The following graph shows the price-to-income ratio using the Case-Shiller national index as of Q3 2009, and the Census Bureau’s median income tables (assuming no increase for 2009).
“sustainable 5% appreciation in home prices per year”. How does that reconcile with stagnant wages ? I thought we tried that already.
There is a post on Calculated Risk which includes a graph that combines the Case-Shiller index with median household incomes. I mistakenly assumed that this graph was part of the CS index exclusively. Sorry for asking what now seems to be a stupid question.
I would still like to know however, at the risk of compounding stupidity, if any consideration is given to wealth distribution when calculating median incomes?
You should never walk away. I think if your home is worth more than 85% of your mortgage then you might be able to weather the storm. In a few years you should be ok. If your home is worth less than 85% then you should consider stop paying the mortgage and delaying foreclosure as long as possible. Save the payments. Never walk away.
Re. “sustainable 5% appreciation”: you got my point exactly. The “green shoots” croud would have us believe that all Americans need is a change in attitude, a little more confidence, and we will all go merily back to our spendthrift, debt-enabled habits. In the absence of income growth and / or credit expansion, I don’t see how housing is going anywhere for a long time.
Re. median income: I think they just calculate median income based on actual IRS or census data. What you are describing is more like average income, which would be affected by income distribution.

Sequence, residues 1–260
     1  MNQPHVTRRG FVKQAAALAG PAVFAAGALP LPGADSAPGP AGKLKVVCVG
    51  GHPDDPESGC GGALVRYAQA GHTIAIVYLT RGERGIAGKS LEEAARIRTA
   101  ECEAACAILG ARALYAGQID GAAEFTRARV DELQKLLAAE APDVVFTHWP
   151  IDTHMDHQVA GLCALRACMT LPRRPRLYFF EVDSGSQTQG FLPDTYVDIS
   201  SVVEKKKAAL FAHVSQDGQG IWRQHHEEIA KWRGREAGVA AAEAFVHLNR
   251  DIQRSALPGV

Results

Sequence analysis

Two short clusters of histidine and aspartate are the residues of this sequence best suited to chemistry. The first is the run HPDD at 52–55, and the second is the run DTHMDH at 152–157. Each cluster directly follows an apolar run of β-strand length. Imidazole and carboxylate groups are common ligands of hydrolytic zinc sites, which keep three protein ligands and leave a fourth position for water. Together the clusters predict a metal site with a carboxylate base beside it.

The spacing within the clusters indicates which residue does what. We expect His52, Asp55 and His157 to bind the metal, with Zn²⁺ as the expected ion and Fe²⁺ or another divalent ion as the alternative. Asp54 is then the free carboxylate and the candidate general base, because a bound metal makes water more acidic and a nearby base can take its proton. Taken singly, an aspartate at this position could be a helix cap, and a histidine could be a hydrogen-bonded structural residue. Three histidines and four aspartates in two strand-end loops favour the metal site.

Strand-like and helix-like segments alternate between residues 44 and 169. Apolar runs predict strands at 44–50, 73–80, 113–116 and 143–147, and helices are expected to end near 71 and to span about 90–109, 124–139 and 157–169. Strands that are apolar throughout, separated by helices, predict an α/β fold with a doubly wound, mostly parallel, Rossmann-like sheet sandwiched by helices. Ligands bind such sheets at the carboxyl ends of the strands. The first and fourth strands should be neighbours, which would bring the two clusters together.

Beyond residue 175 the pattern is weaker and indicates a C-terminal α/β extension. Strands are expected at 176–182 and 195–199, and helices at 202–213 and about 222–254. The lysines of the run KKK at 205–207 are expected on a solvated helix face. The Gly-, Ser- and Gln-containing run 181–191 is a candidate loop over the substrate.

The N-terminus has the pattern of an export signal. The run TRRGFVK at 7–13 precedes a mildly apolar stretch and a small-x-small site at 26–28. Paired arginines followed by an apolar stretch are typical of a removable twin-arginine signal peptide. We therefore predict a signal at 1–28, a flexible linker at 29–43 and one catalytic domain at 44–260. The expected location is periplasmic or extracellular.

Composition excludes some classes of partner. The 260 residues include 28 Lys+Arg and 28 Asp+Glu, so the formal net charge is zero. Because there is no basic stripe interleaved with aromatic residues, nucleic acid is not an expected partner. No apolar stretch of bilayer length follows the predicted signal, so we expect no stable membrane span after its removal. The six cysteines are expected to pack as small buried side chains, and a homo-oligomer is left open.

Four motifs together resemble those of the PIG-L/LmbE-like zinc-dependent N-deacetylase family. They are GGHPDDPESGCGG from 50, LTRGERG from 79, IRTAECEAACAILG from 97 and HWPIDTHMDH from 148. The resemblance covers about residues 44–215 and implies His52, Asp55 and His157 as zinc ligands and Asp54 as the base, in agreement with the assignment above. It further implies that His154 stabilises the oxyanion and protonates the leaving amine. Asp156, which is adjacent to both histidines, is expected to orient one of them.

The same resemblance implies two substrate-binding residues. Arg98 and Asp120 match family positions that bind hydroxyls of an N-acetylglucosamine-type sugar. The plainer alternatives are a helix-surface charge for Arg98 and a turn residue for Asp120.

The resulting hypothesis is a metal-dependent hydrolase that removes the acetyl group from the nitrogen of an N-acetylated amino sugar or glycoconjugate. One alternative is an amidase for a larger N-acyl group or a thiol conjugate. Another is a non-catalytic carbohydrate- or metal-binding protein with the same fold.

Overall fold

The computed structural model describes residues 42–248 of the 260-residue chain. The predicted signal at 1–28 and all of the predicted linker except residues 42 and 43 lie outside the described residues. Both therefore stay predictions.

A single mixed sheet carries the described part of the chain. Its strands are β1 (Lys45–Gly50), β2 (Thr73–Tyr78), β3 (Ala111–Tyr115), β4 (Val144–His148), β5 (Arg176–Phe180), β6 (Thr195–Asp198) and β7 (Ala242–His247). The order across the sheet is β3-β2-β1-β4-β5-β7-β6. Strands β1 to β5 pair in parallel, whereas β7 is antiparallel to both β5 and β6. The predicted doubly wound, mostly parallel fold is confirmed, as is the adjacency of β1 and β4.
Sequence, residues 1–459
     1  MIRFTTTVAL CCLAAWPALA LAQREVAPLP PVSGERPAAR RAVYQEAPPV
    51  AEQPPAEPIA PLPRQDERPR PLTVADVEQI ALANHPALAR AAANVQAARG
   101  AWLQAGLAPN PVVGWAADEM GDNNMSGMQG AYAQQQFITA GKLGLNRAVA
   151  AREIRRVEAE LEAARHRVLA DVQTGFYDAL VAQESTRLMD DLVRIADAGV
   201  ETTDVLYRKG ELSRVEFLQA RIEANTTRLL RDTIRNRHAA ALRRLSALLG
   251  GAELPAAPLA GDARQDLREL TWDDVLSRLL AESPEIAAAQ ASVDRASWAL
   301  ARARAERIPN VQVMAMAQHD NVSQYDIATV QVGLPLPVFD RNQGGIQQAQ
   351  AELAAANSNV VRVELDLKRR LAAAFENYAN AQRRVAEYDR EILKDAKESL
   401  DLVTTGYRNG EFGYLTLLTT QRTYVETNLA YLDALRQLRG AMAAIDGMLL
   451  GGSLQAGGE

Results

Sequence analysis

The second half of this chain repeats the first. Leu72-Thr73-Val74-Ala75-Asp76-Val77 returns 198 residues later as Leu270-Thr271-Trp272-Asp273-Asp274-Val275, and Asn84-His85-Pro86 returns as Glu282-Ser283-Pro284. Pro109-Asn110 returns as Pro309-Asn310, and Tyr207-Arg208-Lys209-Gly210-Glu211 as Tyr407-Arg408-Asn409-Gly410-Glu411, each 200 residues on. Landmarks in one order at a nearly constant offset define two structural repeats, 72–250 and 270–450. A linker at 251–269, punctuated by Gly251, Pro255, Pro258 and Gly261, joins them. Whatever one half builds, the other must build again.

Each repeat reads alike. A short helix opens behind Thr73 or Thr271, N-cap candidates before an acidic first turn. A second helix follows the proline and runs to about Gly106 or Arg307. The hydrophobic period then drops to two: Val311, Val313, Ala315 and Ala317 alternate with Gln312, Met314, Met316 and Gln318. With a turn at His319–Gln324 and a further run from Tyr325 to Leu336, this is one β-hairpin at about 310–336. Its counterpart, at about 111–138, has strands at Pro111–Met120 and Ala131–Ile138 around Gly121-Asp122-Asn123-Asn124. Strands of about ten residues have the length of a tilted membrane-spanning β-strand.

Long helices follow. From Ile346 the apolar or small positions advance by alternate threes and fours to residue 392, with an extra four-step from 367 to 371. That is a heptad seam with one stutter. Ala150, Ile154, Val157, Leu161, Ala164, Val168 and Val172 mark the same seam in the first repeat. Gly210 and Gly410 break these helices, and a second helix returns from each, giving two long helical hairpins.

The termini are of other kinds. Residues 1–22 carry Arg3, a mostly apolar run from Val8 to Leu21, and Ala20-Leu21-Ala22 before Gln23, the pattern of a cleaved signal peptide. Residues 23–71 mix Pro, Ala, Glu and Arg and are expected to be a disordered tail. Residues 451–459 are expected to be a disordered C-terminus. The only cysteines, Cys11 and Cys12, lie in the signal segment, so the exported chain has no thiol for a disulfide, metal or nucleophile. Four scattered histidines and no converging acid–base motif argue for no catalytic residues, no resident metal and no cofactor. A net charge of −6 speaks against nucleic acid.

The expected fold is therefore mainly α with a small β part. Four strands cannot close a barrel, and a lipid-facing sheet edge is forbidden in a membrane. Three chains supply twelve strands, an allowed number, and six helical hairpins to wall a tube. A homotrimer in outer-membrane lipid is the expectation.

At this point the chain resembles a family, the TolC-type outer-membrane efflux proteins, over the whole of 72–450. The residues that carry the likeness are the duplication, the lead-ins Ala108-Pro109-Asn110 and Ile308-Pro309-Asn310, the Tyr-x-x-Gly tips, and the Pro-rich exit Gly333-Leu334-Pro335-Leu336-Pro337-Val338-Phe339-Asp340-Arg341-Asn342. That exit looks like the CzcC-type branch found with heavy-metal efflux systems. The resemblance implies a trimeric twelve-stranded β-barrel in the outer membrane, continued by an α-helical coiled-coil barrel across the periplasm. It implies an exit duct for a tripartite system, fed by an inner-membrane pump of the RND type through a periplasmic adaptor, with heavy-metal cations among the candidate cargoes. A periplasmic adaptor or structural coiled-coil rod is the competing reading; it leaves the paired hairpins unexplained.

Good post, but you are blurring the difference between “mortgage borrowers” and “homeowners”. 30+/-% of homeowners are debt-free, so 25+/-% of 70=/-% equals
Before making the claim that every major sector in the US is bankrupt, you might want to look up the meaning of the word “bankrupt”. Most households are paying their bills. Most government entities are paying their bills. Some banks have been rescued, some allowed to fail, but “US banks” are not bankrupt as a class. Just a lot of banks. If the government and households and the business sector outside of banks are mostly making payments on time, then it is simply nonsense to claim the US is bankrupt.
We have serious problems. Making nonsensical claims about those problems won’t help us through them.
“I would still like to know however, at the risk of compounding stupidity, if any consideration is given to wealth distribution when calculating median incomes?”
The nice thing about using medians rather than means is that big outliers (in this case, the super wealthy) don’t affect the statistic.
Walk away if you can, Walkaway while you can!!
Also the more the merrier ,.. 2 things would happen ..
banksters are going to be screwed and homes will become affordable ….
***Some banks have been rescued, some allowed to fail, but “US banks” are not bankrupt as a class. ***
It’s impossible to tell I think. When people talk about bankruptcy, they probably mean “solvency” since bankruptcy per se means that the bank has closed its doors and turned its affairs over to the courts. Besides which US commercial banks usually don’t go through bankruptcy, their affairs are liquidated by the FDIC.
Are US banks solvent? By some criteria, maybe. By others, certainly not. Here’s a link to a lengthy analysis:
Are they all going to die? Probably not. But, if they were liquidated today, it does seem likely that mass bankruptcy would result. In point of fact, they apparently are solvent only if most of their loans are eventually paid off under the terms of issue. I don’t think that will happen with CRE if the loans are non-recourse. Residential? Maybe.